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Republicans pile pressure on Biden to re-designate Yemen's Houthis as 'terror group'

Senator Ted Cruz and eight other Senate Republicans introduce bill to impose sanctions on Yemen's Houthis
Senator Ted Cruz's bill would re-designate the Houthis as a foreign terrorist organisation and its leaders as designated global terrorists.
Senator Ted Cruz's bill would re-designate the Houthis as a foreign terrorist organisation and its leaders as designated global terrorists (AFP/File photo)

US Senator Ted Cruz has joined a chorus of Republicans calling on the Biden administration to re-designate Yemen's Houthis as a "terrorist organisation" and reimpose sanctions on the Iran-aligned group.

In a statement released on Monday, Cruz said he introduced a bill last week that would reverse a February 2021 decision by the Biden administration to lift terrorism-related sanctions on the Houthis and their leaders.

Cruz's bill would re-designate the group as a foreign terrorist organisation and its leaders as designated global terrorists.

"Biden made it an immediate priority to unwind pressure on Iran and its proxies, including by lifting terrorism sanctions on the Houthis and their leaders – a reckless, self-indulgent, and catastrophic move," Cruz said as he introduced his bill.

Aid groups warn Houthi 'terror' designation could push Yemen closer to famine
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"This appeasement predictably caused Iran to escalate its aggression across the region, and in Yemen the Houthis launched a broad offensive within hours of the Biden administration’s announcement they would lift those sanctions.

"I've consistently sought to reimpose those sanctions and it’s now clear that if the Biden administration is unwilling to do so, then Congress should mandate that they do.”

Eight other senators, including Tom Cotton; Ben Sasse; Roger Marshall; Thom Tillis; Jim Inhofe; Marco Rubio; and John Barrasso, co-sponsored the bill.

Last week, US President Joe Biden said his administration was considering re-designating the Houthis as a foreign terrorist organisation following drone attacks on the United Arab Emirates that killed three migrant workers.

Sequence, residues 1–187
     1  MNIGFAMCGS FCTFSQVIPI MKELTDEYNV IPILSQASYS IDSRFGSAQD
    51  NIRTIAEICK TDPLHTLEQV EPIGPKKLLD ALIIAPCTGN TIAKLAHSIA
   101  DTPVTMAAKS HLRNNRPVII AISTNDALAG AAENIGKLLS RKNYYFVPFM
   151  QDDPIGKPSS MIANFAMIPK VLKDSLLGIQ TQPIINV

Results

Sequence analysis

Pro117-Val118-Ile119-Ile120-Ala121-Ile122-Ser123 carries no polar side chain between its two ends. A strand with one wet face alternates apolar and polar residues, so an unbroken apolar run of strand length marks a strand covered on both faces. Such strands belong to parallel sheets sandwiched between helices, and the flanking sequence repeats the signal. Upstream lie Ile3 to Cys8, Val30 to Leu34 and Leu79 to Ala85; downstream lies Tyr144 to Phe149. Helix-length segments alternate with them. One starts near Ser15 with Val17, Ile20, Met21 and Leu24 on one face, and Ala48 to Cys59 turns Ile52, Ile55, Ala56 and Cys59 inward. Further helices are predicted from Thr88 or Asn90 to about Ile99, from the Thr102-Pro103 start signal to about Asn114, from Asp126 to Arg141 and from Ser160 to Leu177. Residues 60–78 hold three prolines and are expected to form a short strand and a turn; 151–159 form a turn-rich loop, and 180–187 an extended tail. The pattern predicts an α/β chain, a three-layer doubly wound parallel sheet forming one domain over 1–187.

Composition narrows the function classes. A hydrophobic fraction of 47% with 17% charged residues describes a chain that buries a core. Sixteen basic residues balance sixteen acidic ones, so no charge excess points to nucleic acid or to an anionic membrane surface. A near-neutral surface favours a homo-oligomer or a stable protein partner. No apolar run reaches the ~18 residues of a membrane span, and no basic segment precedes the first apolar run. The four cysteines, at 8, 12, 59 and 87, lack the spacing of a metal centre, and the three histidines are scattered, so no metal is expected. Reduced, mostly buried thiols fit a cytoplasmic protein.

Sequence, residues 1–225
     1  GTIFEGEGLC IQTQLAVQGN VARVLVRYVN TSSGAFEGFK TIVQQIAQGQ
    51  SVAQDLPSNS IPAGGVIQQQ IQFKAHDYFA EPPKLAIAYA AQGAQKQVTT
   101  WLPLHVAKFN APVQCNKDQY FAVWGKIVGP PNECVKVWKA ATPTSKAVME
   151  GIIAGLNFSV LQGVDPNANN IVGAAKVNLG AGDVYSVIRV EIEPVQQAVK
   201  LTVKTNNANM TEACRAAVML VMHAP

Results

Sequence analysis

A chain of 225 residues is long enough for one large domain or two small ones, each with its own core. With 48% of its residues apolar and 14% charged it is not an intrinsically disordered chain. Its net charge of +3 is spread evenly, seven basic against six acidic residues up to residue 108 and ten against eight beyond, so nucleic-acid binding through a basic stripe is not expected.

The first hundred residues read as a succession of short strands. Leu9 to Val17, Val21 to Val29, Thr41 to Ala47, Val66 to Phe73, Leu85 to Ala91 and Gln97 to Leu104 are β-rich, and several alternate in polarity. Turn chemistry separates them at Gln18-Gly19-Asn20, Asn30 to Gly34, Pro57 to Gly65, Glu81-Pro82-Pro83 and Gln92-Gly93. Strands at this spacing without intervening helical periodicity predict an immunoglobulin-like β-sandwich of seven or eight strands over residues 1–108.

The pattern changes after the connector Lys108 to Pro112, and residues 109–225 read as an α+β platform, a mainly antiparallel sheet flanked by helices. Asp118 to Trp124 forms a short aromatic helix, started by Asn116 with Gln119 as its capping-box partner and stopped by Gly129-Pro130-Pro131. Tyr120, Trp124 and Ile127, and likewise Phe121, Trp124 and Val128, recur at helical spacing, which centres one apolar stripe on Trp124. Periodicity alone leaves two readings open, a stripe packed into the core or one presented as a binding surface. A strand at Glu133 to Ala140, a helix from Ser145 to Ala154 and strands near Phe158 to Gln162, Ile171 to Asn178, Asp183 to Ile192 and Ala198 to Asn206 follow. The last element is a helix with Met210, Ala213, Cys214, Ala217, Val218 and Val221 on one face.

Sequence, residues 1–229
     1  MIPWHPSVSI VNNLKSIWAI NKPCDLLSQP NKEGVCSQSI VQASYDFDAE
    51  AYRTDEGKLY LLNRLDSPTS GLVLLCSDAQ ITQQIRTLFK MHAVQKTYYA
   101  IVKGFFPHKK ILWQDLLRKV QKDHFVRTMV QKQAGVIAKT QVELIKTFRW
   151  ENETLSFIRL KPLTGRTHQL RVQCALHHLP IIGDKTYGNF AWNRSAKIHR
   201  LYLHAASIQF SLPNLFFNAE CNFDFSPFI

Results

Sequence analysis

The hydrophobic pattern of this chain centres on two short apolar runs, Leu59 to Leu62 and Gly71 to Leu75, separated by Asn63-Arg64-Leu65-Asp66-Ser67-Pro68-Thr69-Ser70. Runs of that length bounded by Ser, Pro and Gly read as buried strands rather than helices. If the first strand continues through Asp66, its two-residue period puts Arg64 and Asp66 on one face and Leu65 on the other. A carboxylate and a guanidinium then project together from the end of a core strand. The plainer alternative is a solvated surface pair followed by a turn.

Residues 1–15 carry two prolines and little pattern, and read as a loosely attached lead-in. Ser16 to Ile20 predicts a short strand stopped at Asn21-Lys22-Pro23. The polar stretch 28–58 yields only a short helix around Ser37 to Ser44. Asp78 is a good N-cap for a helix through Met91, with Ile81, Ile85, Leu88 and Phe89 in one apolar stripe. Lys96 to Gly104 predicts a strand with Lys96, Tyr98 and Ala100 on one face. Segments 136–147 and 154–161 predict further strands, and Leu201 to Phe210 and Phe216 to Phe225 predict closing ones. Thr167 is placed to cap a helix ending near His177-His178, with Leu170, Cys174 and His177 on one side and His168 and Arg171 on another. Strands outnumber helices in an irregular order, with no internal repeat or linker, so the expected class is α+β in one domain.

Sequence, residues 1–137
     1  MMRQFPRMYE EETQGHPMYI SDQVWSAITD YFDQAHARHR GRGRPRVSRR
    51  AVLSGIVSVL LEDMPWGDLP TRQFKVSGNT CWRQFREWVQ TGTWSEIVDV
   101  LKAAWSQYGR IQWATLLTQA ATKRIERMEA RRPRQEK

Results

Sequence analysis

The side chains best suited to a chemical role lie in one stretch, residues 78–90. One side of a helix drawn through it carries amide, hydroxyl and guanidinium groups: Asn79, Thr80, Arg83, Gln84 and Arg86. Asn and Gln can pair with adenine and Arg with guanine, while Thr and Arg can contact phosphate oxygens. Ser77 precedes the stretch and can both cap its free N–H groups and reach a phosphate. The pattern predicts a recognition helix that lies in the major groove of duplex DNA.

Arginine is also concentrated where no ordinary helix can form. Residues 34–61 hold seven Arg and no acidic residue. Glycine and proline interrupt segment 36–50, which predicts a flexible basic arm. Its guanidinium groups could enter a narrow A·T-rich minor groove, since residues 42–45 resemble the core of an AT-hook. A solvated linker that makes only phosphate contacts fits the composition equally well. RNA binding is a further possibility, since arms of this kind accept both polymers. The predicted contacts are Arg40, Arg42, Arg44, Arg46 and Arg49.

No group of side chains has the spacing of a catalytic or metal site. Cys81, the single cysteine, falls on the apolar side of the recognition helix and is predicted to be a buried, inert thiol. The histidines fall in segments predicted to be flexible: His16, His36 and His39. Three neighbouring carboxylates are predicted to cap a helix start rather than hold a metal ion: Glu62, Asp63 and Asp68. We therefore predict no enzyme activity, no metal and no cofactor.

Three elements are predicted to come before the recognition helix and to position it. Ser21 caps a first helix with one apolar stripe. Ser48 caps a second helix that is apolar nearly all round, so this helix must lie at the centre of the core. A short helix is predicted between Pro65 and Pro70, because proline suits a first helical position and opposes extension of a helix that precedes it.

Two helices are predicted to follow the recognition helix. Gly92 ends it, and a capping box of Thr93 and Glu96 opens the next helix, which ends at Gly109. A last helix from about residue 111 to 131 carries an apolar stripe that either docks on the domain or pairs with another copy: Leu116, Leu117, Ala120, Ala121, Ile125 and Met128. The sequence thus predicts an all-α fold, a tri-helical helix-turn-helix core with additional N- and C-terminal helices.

Several members of the US Congress also floated the idea, with Congressman Gregory Meeks, who heads the House Foreign Affairs Committee, saying he was looking "very carefully" at the issue and was in conversation with other officials.

"I'm very concerned and condemn to the highest degree the Houthis and the utilization of the drones and the strike on the UAE. So, [that is] something that we're looking at," Meeks told Jewish Insider.

A number of US lawmakers have condemned the attacks on Abu Dhabi, with Republican Senator Todd Young saying the Houthis "are determined to continue the conflict and exacerbate the world’s worst man-made humanitarian catastrophe".

'Far-reaching impacts'

A designation of the Houthis could, however, further deteriorate the humanitarian situation in Yemen by severing access for aid groups and making it illegal for any US organisations or companies to provide assistance to those parts of Yemen controlled by the Houthis.

Yemen, which has been gripped by war since 2015, has lost tens of thousands of civilians to violence, hunger and disease. According to the UN, some 24.1 million people – or around 80 percent of the population - rely on humanitarian aid and protection to survive, while 58 percent of the population lives in extreme poverty.

Erin Hutchinson, the Norwegian Refugee Council (NRC) country director for Yemen, told Middle East Eye last week that any possible re-designation of the group could endanger millions already struggling "to survive a full-blown humanitarian catastrophe".

"We said repeatedly in the past that designating Ansar Allah a terrorist organisation would have far-reaching impacts on Yemen's already dire humanitarian situation, and we think the same today," Hutchinson said, using another name for the Houthis.

"The designation would come with sanctions that would harm NRC's ability to provide lifesaving aid to people in dire circumstances.

"The US government must ensure that any sanctions do not block food, fuel, medicines, and other essential goods and services from entering the country and reaching people in need just trying to survive a full-blown humanitarian catastrophe."

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